It is our first priority to make sure these are people in leadership roles that model that and it trickles down as we look to hire teachers. There are programs in the elementary schools where the kids are getting their basics and it is important that the teachers are formed in the same tradition.

Are we ever going to do the great job the sisters did in their traditions and their novitiates? We will probably never get to that level but what we are doing is a great thing. What we have to realize is that nationwide only about three percent of our teachers are religious, we recognize that.

We have to embrace the gift of lay people taking over our schools and also give them the tools that assure us they know the faith. All of the teachers have to have a pastor’s letter supporting their candidacy to be a teacher or an administrator.

Q. Can you say something about the level of professionalism and faith you have encountered in Philadelphia?

A.  Absolutely. There is no doubt in my mind when we talk about world premier faith formation and Catholic education that we are in the middle of it down here in Philadelphia. I have traveled around the archdiocese and it is not only the level of commitment of the teachers I have met, the coaches, the DREs, the catechists, it is every single person that I have met. You can tell the commitment no matter what the future holds, whether it is enrollment increases or not.

It will ultimately be more souls in heaven. People get that here in Philadelphia. They really get that Catholic education is such an important mission of the church. I have not seen elsewhere what I have seen in the Church in Philadelphia. I think it will be highlighted next year during the World Meeting of Families; how important Catholic education is to the life of the family and how it partners in the important work of the church.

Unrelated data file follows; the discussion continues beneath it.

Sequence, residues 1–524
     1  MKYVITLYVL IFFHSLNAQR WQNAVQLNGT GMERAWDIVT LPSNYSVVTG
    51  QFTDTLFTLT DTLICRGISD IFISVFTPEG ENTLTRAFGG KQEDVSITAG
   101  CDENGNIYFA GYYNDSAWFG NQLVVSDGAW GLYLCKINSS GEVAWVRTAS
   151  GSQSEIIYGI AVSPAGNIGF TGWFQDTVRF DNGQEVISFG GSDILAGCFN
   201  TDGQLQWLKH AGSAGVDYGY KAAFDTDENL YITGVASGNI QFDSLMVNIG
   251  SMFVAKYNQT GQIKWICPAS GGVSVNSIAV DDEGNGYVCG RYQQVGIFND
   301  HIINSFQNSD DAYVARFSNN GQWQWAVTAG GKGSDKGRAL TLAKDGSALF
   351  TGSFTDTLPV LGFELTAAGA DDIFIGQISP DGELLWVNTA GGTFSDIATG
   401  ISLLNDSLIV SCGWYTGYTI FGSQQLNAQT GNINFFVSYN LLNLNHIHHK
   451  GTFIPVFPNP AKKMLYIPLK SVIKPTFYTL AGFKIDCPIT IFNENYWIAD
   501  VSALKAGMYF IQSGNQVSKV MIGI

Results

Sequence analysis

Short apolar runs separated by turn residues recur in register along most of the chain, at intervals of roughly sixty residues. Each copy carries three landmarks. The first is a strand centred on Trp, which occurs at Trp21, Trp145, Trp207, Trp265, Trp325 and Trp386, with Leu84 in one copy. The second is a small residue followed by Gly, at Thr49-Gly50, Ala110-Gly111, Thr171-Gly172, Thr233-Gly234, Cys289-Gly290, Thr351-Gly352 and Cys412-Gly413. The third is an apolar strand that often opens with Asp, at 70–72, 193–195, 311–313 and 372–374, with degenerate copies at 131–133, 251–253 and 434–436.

Q. There seems to have been a greater turnover in administration in the schools this year. Is that just a coincidence?

A. I don’t think it is much different than any other year, maybe a little more. Some retired, some were transferred. Some priests went into parish work. When this happens we try to upgrade leadership. We take leadership development very seriously because we feel that has the number-one impact on the life of the school. How that principal, how that pastor on the elementary level; how that president, how that board, how that principal on the secondary level all work together. Those are some of the most important benchmarks for the school.

We worked a lot this year on the culture, getting people to know that we can grow the system, we can move the needle in a positive direction. We are here to grow rather than say, “How are we going to manage the decline?” I think this year we have put some of the pieces in place and will have a great story to tell over the next two or three years.